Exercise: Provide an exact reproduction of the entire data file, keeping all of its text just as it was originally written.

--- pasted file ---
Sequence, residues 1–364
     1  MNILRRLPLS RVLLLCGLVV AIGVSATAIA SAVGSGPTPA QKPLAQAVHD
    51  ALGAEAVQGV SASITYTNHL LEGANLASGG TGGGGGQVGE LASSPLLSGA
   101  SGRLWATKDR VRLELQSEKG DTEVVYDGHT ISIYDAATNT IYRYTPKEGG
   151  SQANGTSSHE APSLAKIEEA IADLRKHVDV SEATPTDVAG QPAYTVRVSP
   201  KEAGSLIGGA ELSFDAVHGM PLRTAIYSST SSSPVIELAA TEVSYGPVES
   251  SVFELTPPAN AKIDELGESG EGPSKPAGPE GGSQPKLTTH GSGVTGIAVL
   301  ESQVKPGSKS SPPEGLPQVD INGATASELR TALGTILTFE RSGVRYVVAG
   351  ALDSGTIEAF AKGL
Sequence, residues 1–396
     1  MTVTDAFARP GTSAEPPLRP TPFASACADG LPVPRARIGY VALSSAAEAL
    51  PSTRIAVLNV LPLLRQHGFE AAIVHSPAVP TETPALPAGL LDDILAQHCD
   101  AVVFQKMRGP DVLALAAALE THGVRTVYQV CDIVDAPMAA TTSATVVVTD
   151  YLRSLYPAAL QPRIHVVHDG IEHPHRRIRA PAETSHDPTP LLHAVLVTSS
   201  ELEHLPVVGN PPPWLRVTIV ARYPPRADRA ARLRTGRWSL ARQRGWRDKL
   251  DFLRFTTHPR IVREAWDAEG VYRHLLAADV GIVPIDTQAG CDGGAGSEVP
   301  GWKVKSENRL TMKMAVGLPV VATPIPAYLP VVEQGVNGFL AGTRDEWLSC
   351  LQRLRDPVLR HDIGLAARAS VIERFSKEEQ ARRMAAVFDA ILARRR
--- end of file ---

Sequence, residues 1–364
     1  MNILRRLPLS RVLLLCGLVV AIGVSATAIA SAVGSGPTPA QKPLAQAVHD
    51  ALGAEAVQGV SASITYTNHL LEGANLASGG TGGGGGQVGE LASSPLLSGA
   101  SGRLWATKDR VRLELQSEKG DTEVVYDGHT ISIYDAATNT IYRYTPKEGG
   151  SQANGTSSHE APSLAKIEEA IADLRKHVDV SEATPTDVAG QPAYTVRVSP
   201  KEAGSLIGGA ELSFDAVHGM PLRTAIYSST SSSPVIELAA TEVSYGPVES
   251  SVFELTPPAN AKIDELGESG EGPSKPAGPE GGSQPKLTTH GSGVTGIAVL
   301  ESQVKPGSKS SPPEGLPQVD INGATASELR TALGTILTFE RSGVRYVVAG
   351  ALDSGTIEAF AKGL
Sequence, residues 1–396
     1  MTVTDAFARP GTSAEPPLRP TPFASACADG LPVPRARIGY VALSSAAEAL
    51  PSTRIAVLNV LPLLRQHGFE AAIVHSPAVP TETPALPAGL LDDILAQHCD
   101  AVVFQKMRGP DVLALAAALE THGVRTVYQV CDIVDAPMAA TTSATVVVTD
   151  YLRSLYPAAL QPRIHVVHDG IEHPHRRIRA PAETSHDPTP LLHAVLVTSS
   201  ELEHLPVVGN PPPWLRVTIV ARYPPRADRA ARLRTGRWSL ARQRGWRDKL
   251  DFLRFTTHPR IVREAWDAEG VYRHLLAADV GIVPIDTQAG CDGGAGSEVP
   301  GWKVKSENRL TMKMAVGLPV VATPIPAYLP VVEQGVNGFL AGTRDEWLSC
   351  LQRLRDPVLR HDIGLAARAS VIERFSKEEQ ARRMAAVFDA ILARRR